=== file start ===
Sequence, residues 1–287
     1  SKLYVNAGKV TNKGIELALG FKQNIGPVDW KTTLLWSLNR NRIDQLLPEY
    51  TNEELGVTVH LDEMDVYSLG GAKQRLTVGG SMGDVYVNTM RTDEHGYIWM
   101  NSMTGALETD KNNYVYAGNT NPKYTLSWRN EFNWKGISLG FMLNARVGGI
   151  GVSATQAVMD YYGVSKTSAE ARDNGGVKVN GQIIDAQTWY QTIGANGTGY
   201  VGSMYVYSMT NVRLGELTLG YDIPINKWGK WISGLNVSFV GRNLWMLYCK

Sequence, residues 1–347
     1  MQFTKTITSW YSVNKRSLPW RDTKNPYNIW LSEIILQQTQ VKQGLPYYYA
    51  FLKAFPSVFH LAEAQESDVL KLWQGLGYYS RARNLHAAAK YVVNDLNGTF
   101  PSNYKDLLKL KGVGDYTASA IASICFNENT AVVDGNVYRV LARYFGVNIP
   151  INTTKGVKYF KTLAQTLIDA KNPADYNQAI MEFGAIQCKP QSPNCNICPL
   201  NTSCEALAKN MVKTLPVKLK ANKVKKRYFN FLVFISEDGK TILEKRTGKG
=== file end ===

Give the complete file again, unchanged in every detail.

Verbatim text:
Sequence, residues 1–287
     1  SKLYVNAGKV TNKGIELALG FKQNIGPVDW KTTLLWSLNR NRIDQLLPEY
    51  TNEELGVTVH LDEMDVYSLG GAKQRLTVGG SMGDVYVNTM RTDEHGYIWM
   101  NSMTGALETD KNNYVYAGNT NPKYTLSWRN EFNWKGISLG FMLNARVGGI
   151  GVSATQAVMD YYGVSKTSAE ARDNGGVKVN GQIIDAQTWY QTIGANGTGY
   201  VGSMYVYSMT NVRLGELTLG YDIPINKWGK WISGLNVSFV GRNLWMLYCK

Sequence, residues 1–347
     1  MQFTKTITSW YSVNKRSLPW RDTKNPYNIW LSEIILQQTQ VKQGLPYYYA
    51  FLKAFPSVFH LAEAQESDVL KLWQGLGYYS RARNLHAAAK YVVNDLNGTF
   101  PSNYKDLLKL KGVGDYTASA IASICFNENT AVVDGNVYRV LARYFGVNIP
   151  INTTKGVKYF KTLAQTLIDA KNPADYNQAI MEFGAIQCKP QSPNCNICPL
   201  NTSCEALAKN MVKTLPVKLK ANKVKKRYFN FLVFISEDGK TILEKRTGKG